Updated November 19, 2020:

Forms of Business Ownership

There are primarily four forms of business ownership to choose from regarding your company's legal structure. They include:

  • Sole proprietorship
  • Partnership
  • Corporation
  • Limited liability company (LLC) or a cooperative

All these structures have advantages and disadvantages you must consider before choosing one for your business.

The Sole Proprietorship Form of Business Ownership

A sole proprietorship is the simplest business structure, owned and operated by a single person. A sole proprietorship can operate under your name or an assumed name. You can't add legal designations of other business structures, like Inc. or Corp., to the name.

The main benefit of a sole proprietorship is how easy and affordable it is to create. In many cases, a sole proprietorship does not require formal registration. In places where you do need to register a sole proprietorship, it is far less expensive than registering other forms of businesses, such as corporations.

Additionally, you don't have to file annual reports or pay taxes on business profits. As a sole proprietor, you file the business income tax with your personal income tax returns, because you and the sole proprietorship are the same. The biggest advantage of owning a sole proprietorship is that it gives you total control and ownership of your business.

However, a sole proprietorship is an extension of its owner under the law, implying that you are fully responsible for the company's debts and liabilities. If your sole proprietorship fails, creditors can come after your personal assets to settle the business debts and obligations. A sole proprietor's personal liability to the business is one of the biggest downsides of operating this form of business. Additionally, a sole proprietorship does not enjoy a flexible tax regime, cannot raise money easily and might suffer from poor management if the owner lacks sound business knowledge.

The Partnership Form of Business

A partnership is the entity created when two or more people decide to co-own a business. If you don't want to bear the burden of running a business alone, a partnership is an ideal business structure. There is no limit to the number of people that can set up a partnership, but there must be at least two partners. Before creating a partnership, it is important to draft a well-thought-out operating agreement that will cover the following:

  • Name of the partners and the process of adding new partners or removing them.
  • Outline of the company.
  • Each partner's percentage of investment and profit.
  • How the partnership will be dissolved.

Types of Partnership

Partnerships can be in the form of:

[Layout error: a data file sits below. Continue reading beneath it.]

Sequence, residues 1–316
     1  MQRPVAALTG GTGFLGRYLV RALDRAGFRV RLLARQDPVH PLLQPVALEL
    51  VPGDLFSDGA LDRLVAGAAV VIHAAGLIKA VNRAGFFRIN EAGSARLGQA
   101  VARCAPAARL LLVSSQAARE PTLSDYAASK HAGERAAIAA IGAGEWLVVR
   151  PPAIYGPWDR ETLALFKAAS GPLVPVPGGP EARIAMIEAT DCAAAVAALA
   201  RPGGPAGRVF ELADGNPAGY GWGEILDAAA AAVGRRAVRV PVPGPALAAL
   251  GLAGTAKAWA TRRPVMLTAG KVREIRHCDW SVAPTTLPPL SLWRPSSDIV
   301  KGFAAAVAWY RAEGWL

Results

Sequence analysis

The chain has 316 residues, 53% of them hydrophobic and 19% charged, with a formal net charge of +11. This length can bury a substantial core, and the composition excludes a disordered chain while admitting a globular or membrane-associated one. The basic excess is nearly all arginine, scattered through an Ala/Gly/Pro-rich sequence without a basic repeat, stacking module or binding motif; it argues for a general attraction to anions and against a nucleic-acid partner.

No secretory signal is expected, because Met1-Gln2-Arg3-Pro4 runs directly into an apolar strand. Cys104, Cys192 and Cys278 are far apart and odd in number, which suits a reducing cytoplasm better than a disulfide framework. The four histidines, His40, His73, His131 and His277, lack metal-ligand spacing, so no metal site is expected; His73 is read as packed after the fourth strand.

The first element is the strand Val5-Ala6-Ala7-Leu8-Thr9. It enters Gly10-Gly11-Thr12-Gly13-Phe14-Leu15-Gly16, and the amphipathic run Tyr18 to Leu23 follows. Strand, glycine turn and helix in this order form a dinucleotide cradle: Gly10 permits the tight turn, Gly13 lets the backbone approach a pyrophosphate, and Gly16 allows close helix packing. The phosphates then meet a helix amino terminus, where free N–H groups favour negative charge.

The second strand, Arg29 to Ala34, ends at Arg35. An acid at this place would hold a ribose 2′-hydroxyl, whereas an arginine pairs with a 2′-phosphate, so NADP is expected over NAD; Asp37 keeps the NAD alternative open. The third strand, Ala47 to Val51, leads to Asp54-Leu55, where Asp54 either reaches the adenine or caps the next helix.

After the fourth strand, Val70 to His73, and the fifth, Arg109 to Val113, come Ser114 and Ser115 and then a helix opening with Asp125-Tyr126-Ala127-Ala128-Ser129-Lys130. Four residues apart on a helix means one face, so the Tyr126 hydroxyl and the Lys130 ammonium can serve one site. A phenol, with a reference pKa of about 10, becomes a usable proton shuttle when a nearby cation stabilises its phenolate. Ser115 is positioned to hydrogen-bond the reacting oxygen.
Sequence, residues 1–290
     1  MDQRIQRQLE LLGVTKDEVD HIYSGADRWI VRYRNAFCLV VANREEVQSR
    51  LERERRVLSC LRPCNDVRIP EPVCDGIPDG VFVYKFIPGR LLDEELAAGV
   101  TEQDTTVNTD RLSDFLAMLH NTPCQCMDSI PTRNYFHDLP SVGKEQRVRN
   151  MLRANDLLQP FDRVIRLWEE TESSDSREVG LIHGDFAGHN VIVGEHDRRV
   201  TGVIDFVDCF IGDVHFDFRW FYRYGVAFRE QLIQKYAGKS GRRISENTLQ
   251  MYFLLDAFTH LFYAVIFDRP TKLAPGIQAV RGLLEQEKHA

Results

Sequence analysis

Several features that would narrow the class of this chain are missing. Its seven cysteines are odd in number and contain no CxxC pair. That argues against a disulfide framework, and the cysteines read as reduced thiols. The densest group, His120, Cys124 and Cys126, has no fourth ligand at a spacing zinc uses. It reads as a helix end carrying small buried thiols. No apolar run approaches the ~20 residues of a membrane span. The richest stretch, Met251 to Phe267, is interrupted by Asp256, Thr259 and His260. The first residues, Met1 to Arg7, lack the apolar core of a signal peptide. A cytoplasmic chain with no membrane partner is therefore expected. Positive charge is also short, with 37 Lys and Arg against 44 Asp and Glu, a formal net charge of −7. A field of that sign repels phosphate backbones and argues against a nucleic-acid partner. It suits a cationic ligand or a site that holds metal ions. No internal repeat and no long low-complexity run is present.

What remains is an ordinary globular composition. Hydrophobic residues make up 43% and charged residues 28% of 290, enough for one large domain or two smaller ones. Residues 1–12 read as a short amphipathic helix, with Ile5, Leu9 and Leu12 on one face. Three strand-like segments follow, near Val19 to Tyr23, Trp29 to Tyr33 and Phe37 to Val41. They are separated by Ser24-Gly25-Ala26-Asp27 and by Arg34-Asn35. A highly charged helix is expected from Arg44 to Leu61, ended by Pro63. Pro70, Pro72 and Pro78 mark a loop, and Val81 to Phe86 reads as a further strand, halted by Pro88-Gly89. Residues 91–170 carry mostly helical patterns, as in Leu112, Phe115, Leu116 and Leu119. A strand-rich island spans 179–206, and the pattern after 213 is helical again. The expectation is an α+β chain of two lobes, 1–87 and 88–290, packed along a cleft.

• General partnerships, the most common form.
  • Limited partnerships.
  • Limited liability partnerships.
  • Limited liability companies.

A limited partnership is a business structure in which partners invest in the partnership without having managerial powers in the business. The liability of partners in a limited partnership is proportional to the percentage of their investment in the company. As a limited partner, you cannot participate in the management of the company. Only general partners can hold managerial roles.

The formation of a limited liability partnership is restricted to groups of professionals such as accountants, doctors, lawyers, and architects. A partnership can enter into contracts and take bank loans as a legal entity, making it easier for the business to raise capital. Like a sole proprietorship, a partnership is a pass-through entity. In other words, the company's profits and losses pass directly to the partners who report it on their income tax returns.

Disadvantages of Partnerships

The main drawback of partnerships is they do not protect the partners from liability for the business's debts and obligations. Additionally, it can be extremely difficult to dissolve a partnership business if the partners did not agree on a dissolution process from the outset. This makes it critical to have a partnership agreement. If you are not comfortable with the risk of liability that comes with sole proprietorships and partnerships, a corporation might be the best legal structure for your enterprise.

If you need more information about the most common type of partnership, you can post your legal need on UpCounsel's marketplace. UpCounsel accepts only the top 5 percent of lawyers to its site. Lawyers on UpCounsel come from law schools such as Harvard Law and Yale Law and average 14 years of legal experience, including work with or on behalf of companies like Google, Menlo Ventures, and Airbnb.